One of the challenges with having so many modes of information – websites, reservation platforms, Instagram, Facebook, YouTube, TikTok, printed collateral, QR codes, internal memos – is keeping everything and everyone up to date with the latest information. For every change in menu description, hours of operation or price, there is a corresponding hour of computer updates. But it must be done.
The guest who raved about the great service on their last visit is the same guest who will reduce your star rating after arriving for a nightcap only to find your venue closed when the website or OpenTable indicates it should have been open.
To be clear, though, the upset should not be about the rating. Rather, it is about the value and consideration you give to your guests, their time and their peace of mind.
The same principle applies to your wine and spirits lists.
Many of us are familiar with recent wine and spirits supply chain shortages – especially with exclusive vineyards and spirits brands. If a wine or spirit is temporarily out of stock, it is respectful of your guests and your service team (and a basic expectation) to communicate the shortage in advance of giving the guest the opportunity to choose. Few things ding your reputation with guests and staff as quickly as a server or maître d' returning from the wine room to report that the selected wine is not available.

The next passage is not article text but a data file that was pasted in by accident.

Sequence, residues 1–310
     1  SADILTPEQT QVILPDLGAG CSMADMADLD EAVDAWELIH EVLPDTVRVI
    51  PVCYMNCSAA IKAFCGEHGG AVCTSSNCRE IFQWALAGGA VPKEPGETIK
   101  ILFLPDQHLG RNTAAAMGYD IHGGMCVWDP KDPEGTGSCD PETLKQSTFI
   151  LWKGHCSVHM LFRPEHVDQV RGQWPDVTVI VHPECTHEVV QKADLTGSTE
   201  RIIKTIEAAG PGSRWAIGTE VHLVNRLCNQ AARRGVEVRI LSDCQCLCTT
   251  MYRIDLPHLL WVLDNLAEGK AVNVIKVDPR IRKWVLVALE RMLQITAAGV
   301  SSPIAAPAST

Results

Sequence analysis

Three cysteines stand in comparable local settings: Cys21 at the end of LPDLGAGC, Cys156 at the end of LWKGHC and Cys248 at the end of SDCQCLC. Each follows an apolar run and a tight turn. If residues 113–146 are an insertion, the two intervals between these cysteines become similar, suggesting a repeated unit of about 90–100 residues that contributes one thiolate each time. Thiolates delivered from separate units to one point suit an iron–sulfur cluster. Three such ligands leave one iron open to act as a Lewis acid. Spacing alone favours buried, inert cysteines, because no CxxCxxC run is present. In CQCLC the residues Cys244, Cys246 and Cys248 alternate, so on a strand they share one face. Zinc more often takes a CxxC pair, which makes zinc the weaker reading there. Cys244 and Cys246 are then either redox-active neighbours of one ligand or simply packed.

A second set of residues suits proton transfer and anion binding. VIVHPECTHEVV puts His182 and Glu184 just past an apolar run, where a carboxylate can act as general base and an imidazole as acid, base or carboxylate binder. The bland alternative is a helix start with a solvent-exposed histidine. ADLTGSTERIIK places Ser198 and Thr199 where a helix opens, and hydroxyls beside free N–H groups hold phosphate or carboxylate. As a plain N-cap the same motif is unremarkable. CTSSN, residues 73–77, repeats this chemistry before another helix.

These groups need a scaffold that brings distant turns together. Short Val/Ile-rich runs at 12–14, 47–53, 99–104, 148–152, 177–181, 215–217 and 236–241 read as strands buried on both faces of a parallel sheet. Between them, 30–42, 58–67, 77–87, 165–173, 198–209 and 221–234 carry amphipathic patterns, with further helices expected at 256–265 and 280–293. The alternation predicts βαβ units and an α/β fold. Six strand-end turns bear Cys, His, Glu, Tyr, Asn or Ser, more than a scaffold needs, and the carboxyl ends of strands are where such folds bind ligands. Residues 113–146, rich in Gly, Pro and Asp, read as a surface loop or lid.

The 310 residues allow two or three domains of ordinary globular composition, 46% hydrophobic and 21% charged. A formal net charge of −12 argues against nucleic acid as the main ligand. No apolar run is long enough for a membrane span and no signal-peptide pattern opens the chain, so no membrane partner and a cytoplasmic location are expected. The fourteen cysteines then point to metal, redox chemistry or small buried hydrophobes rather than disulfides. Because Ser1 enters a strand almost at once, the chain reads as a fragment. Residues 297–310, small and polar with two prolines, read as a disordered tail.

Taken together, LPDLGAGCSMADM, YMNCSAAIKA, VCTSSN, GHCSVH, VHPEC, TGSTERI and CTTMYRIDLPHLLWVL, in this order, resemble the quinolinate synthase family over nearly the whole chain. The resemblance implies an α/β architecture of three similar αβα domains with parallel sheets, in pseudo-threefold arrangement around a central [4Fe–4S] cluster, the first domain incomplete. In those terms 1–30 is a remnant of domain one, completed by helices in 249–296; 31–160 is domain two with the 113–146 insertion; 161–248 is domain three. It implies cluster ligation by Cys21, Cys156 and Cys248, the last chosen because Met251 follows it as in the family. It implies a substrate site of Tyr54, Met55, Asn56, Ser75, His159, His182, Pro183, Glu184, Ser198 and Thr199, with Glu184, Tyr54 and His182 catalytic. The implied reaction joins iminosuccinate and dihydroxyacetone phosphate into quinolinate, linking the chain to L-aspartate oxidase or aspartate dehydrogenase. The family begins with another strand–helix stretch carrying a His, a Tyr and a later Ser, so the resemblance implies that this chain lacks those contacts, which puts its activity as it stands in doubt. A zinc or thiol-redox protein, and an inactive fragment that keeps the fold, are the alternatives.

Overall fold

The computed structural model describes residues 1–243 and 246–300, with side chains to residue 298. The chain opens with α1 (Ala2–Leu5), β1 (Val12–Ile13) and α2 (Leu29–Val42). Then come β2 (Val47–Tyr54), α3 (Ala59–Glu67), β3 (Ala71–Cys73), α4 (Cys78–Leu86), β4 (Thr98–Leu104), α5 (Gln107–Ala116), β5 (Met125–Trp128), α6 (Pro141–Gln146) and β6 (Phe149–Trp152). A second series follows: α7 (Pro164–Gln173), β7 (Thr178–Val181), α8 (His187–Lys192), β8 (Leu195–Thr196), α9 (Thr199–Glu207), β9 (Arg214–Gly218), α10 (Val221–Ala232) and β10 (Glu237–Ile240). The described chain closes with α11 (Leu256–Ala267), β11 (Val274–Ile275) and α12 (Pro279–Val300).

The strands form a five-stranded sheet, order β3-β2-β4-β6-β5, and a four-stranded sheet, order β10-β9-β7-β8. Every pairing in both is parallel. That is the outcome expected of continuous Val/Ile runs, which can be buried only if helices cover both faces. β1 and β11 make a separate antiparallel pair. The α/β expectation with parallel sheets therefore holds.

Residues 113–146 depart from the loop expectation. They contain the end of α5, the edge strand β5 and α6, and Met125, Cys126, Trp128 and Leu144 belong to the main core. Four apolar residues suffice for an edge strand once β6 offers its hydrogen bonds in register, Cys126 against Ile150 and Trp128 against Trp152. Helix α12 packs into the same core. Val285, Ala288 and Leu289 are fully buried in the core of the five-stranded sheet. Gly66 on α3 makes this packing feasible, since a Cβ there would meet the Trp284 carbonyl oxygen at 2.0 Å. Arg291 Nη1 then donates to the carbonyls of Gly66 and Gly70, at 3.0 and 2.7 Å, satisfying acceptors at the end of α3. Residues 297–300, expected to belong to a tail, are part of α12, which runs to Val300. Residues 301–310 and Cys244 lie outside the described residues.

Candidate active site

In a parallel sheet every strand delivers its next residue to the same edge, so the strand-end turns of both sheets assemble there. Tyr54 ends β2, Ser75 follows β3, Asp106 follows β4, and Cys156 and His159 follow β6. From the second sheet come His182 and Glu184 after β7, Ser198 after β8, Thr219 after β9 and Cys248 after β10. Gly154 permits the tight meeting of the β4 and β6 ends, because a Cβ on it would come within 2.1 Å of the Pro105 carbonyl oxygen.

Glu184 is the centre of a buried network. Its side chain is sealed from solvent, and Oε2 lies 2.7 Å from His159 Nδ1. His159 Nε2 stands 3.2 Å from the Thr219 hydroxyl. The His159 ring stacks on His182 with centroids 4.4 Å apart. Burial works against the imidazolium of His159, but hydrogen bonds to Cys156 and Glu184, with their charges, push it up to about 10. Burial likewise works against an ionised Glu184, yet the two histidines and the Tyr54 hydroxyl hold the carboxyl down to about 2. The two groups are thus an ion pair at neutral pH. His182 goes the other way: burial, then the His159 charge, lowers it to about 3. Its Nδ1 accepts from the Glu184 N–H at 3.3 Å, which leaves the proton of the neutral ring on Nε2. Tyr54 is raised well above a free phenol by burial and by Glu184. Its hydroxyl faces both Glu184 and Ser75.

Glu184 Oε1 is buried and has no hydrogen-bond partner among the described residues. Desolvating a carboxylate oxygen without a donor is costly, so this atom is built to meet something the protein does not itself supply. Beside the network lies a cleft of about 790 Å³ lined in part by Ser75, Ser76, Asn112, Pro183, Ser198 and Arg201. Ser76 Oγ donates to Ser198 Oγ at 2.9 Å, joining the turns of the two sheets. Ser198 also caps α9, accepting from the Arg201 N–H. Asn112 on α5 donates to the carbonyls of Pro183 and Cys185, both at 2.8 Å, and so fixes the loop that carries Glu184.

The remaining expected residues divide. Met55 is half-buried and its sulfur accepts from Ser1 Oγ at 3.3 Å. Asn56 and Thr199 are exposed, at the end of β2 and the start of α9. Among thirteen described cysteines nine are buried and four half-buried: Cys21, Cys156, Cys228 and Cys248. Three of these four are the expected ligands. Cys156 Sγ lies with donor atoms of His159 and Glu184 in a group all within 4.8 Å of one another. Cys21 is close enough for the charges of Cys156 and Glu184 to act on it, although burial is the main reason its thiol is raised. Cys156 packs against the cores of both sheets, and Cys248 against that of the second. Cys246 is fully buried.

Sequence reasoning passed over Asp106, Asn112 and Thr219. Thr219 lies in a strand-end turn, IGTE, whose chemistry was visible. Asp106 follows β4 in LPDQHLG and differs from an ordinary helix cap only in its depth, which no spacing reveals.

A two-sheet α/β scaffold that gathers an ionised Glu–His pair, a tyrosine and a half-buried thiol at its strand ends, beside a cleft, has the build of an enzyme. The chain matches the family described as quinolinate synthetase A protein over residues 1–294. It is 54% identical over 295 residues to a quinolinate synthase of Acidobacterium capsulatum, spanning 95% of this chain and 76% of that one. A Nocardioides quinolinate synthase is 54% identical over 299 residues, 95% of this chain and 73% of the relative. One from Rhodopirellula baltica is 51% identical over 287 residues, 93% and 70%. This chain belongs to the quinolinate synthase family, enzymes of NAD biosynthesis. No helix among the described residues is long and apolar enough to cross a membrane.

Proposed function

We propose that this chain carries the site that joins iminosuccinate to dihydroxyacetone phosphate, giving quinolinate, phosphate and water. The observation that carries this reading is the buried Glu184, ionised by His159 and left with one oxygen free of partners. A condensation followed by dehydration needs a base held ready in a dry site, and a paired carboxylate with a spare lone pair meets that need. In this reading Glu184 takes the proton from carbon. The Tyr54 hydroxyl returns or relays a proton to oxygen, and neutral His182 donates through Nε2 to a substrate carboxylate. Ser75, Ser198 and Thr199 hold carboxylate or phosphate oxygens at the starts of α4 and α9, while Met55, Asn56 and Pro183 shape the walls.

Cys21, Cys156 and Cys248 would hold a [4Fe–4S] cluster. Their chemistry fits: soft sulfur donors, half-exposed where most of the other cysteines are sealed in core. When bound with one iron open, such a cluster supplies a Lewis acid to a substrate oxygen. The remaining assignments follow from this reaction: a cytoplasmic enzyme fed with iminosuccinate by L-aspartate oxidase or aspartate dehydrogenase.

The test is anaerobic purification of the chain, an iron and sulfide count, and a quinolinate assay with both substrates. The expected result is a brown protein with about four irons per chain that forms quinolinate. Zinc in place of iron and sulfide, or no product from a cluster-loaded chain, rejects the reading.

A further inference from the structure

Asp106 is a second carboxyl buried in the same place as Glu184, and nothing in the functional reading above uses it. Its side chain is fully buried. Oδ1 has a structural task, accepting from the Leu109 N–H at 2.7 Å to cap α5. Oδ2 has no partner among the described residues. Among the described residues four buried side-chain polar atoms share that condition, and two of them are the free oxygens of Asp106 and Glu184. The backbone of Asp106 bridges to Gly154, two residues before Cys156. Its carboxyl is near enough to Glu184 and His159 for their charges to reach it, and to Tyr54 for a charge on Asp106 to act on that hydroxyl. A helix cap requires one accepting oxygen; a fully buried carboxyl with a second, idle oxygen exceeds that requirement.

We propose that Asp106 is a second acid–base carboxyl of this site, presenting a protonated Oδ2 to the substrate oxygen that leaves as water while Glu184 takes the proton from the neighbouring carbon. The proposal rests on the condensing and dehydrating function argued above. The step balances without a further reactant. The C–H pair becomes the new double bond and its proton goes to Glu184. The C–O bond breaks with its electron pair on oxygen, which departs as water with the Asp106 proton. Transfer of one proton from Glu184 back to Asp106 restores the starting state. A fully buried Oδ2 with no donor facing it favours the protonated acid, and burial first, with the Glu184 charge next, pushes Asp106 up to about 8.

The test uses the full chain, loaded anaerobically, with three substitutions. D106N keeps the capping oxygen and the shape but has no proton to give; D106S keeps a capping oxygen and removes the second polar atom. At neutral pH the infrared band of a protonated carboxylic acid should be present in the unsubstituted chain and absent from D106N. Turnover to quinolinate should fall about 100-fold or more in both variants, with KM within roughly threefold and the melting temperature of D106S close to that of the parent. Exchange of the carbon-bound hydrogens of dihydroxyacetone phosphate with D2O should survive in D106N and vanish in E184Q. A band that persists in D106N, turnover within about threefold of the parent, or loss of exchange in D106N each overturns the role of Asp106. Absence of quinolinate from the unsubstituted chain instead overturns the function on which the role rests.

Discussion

If the shortage will continue for an indeterminate period, it is best to remove the item from the list.
Due to staffing issues or pandemic restrictions and shortages, there are many more examples of the importance of the timely communication of accurate information to your guests and colleagues, whether reducing restaurant capacity and hours or temporarily foregoing turn down service. Whatever the case, it is important to consider and acknowledge the effect on the guest perception and experience. It cannot be overstated: clear communication is key.
Positive opportunities exist in every area of the hotel to redefine hospitality. It isn't just a feel-good vibe that everyone sends out to the world. And it isn't a scripted greeting or farewell. It takes a detailed team effort to identify where the basics of hospitality are missing from your operation and naming the touchpoints where more thoughtful, efficient and consistent service can be provided with warmth and kindness. Train every one of your teams to seek out and practice hospitality opportunities and you will have a transformed tribe.